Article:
(Mental health in Lewisham, and QEH is due to be taken by Lewisham Hospital’s trust, is run by the South London and Maudsley trust, which is just a hint as to how confusing NHS arrangements have been made by successive governments.)

  44. Blimey. Chris, sorry to hear this.

    I have similar feelings about the state of mental health and social care after seeing the way a very close relative was treated throughout the system.

    We shouldn’t have to qualify our reasons for posting here. We’re all residents and should have an equal voice regardless of those who want to shut down discussion.

  45. Brilliant John, I think a public debate is an excellent idea, thanks for suggesting it. I am sure that many of the ‘usual suspects’ on this blog (i.e. local people interested in the issues) will be happy to get involved and help make it happen.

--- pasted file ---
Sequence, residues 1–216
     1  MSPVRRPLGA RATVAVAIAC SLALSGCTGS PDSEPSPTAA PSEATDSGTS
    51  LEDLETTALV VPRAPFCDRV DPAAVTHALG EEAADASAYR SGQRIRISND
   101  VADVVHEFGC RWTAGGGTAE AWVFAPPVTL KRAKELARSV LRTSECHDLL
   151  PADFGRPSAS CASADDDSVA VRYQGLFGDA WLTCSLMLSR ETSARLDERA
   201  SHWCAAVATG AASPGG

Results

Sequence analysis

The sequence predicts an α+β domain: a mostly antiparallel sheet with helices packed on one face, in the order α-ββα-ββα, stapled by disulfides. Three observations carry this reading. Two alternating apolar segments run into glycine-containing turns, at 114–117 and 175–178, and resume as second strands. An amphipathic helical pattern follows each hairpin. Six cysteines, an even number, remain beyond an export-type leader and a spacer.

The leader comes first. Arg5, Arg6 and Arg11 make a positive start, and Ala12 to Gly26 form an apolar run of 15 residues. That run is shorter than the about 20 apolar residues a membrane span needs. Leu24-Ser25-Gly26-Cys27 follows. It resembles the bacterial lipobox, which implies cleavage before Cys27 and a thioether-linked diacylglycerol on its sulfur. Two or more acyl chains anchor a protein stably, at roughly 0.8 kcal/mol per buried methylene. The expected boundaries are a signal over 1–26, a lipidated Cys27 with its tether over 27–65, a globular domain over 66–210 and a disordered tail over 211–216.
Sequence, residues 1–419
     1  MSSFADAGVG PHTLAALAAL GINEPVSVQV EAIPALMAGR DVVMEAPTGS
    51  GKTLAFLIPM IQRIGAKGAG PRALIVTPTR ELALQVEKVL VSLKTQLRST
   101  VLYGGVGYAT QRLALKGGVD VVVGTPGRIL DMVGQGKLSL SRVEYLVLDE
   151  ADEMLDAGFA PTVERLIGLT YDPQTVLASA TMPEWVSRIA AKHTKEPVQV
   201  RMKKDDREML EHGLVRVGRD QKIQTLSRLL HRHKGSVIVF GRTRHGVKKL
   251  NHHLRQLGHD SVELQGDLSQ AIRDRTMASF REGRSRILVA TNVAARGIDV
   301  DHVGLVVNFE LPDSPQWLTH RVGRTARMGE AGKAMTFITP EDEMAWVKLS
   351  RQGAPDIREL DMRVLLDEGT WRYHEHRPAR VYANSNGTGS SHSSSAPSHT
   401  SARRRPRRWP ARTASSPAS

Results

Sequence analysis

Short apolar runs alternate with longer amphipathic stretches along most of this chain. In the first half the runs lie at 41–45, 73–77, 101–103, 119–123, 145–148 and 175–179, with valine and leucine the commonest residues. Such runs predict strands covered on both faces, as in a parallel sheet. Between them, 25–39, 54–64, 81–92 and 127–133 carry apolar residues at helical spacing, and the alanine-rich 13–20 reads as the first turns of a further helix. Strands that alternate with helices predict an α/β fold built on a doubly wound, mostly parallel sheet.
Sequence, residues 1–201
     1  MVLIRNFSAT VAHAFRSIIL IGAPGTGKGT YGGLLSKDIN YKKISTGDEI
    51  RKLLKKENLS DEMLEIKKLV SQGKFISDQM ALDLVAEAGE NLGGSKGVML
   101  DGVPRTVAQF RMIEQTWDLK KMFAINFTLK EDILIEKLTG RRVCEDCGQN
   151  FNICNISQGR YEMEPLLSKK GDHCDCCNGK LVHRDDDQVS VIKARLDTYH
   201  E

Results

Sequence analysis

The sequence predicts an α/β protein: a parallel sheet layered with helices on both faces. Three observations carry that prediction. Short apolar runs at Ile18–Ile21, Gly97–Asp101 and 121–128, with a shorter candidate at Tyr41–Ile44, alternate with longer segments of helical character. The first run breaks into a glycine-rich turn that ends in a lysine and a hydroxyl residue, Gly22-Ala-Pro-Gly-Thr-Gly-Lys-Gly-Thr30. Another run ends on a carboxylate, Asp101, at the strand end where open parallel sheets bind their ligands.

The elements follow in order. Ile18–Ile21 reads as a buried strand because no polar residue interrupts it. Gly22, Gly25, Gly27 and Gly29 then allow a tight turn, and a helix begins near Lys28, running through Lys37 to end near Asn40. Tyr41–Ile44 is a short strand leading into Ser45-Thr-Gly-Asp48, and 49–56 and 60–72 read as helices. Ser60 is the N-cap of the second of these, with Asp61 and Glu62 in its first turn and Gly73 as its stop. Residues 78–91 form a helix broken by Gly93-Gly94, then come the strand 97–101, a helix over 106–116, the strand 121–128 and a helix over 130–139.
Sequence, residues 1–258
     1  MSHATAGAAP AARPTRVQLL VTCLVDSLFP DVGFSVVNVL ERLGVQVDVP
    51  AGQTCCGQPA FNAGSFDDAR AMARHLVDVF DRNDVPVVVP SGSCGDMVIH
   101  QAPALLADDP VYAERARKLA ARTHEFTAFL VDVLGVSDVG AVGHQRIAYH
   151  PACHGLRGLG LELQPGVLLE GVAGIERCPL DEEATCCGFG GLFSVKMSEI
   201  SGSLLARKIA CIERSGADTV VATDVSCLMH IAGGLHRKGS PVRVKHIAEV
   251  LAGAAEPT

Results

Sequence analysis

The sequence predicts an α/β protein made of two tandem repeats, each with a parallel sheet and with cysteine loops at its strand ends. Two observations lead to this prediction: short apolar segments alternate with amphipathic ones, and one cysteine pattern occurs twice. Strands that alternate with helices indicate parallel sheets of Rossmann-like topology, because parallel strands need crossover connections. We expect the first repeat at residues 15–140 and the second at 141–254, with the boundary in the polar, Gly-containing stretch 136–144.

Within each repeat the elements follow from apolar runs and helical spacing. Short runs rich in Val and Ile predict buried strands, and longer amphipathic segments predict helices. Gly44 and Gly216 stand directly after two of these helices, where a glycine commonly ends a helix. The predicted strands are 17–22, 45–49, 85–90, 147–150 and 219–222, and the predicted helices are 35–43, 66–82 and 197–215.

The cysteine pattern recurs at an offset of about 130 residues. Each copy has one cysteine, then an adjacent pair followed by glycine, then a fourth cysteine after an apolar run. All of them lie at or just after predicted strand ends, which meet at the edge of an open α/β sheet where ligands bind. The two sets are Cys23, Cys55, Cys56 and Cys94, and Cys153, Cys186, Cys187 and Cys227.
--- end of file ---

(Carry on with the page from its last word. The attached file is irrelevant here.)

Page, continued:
46. In reply to fahy 3.50 4th August

    Greenwich is getting less public health money per head than 11 London Boroughs and more than 20. All areas have a real terms increase this year compared to 2012-13. The Government’s formula seems to combine assessment of need with the amount previously spent by the NHS, thus protecting former big spenders. The 2014-15 allocation seems to give less weight to this element.

    Whether this a fair way of doing it is debatable but it’s hardly a political motivated attack on Greenwich which is getting 15% more money over two years.

  47. Thanks for those figures, Paul.

    I have no idea how the funding formula is calculated, however the obvious thing it does show is that we’re getting more per head (£71) this year than our nearest Conservative neighbours in Bromley (£40) and Bexley (£29). The funding is also marginally higher than Labour controlled Lewisham (£68).

    I’m not sure that using the outlier of Kensington & Chelsea is such a good comparison. I can’t see any political bias in the figures for neighbouring areas. If anything, it shows the opposite.